From here, we can see the mistake. We can move forward or strafe independently, and it would work as expected. However, if we move forward and strafe, the player will thrust forward, and then afterward, thrust sideways. However, these two movements are done at the same time from the perspective of the game and player because both are done before the screen is drawn and enemies react. Therefore, the actual speed is given by the sum of the vectors; that is, the length of the hypotenuse in the following simple diagram:

Strafe 40: By strafing and moving forward independently, we actually move to the far corner, which covers the distance of the hypotenuse during the same amount of time, thus going faster.

Strafe 40: By strafing and moving forward independently, we actually move to the far corner, which covers the distance of the hypotenuse during the same amount of time, thus going faster.

Fixing strafe 40

There are of course many ways to repair this bug and handle movement more correctly. One way is to, instead of positioning the player twice, determine the angle of the movement, and always use the same distance. That is, instead of moving in the player's direction and then moving again in another direction for the strafe, simply calculate the movement angle (around 50 degrees for walking and strafing), and P_Thrust only once in that direction.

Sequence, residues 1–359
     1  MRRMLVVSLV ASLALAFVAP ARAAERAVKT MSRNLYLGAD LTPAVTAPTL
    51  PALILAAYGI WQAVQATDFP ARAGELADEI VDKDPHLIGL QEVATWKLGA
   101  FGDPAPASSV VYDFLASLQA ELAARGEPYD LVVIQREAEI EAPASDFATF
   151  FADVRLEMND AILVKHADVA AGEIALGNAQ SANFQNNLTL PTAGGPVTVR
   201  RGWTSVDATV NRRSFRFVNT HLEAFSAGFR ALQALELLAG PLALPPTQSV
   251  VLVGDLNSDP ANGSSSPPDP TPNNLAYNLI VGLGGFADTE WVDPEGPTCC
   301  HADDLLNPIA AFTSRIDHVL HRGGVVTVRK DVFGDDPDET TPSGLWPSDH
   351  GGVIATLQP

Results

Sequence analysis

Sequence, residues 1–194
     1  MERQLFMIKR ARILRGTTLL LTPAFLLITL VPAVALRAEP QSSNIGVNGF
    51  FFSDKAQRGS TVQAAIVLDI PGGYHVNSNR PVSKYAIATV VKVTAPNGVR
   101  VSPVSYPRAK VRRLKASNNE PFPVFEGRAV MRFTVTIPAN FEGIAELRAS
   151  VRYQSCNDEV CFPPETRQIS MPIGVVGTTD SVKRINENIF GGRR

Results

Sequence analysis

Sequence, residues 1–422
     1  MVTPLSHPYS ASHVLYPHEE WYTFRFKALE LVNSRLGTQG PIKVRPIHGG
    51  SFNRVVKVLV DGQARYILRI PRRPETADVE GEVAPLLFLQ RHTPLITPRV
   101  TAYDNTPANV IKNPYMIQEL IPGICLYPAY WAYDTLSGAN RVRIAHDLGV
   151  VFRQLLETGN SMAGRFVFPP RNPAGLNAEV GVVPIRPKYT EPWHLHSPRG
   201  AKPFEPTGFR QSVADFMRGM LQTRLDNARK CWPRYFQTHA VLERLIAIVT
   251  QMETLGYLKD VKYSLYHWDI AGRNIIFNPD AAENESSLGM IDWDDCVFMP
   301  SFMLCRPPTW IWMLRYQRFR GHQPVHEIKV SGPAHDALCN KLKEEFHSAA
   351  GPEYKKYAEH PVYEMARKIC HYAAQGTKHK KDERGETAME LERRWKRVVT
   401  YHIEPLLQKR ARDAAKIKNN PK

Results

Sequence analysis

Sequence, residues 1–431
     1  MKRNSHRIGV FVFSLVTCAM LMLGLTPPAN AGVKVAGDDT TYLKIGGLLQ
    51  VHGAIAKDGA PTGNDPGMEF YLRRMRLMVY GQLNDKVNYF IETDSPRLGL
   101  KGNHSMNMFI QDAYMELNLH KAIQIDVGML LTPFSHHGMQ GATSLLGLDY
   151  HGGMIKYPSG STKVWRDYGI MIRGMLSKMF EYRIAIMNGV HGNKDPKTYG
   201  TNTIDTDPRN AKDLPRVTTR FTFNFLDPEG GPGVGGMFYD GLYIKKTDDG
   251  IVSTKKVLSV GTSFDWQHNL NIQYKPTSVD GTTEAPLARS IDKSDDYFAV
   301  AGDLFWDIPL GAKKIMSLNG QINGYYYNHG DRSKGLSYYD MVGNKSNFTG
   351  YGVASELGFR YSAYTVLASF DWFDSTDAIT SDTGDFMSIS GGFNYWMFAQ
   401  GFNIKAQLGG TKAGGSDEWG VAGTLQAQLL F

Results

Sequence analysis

Notice that the code does not account for which direction you are strafing. This is because of a naive optimization: the distance (in the code this is the cmd‑>forwardmove * 2048) you give to P_Thrust can be negative to move in the opposite direction. For the fix, you will have to account for the direction you are strafing to get the correct angle, but now you always give a positive distance.

Strafe 50

To understand how to exploit the next vulnerability, we have to look at how it decides cmd‑>forwardmove and cmd‑>sidemove. These values determine how many units the player will travel per frame in those directions. The flaw is that you can artificially affect these values by having the game accidentally count two different keys as movement during a single frame.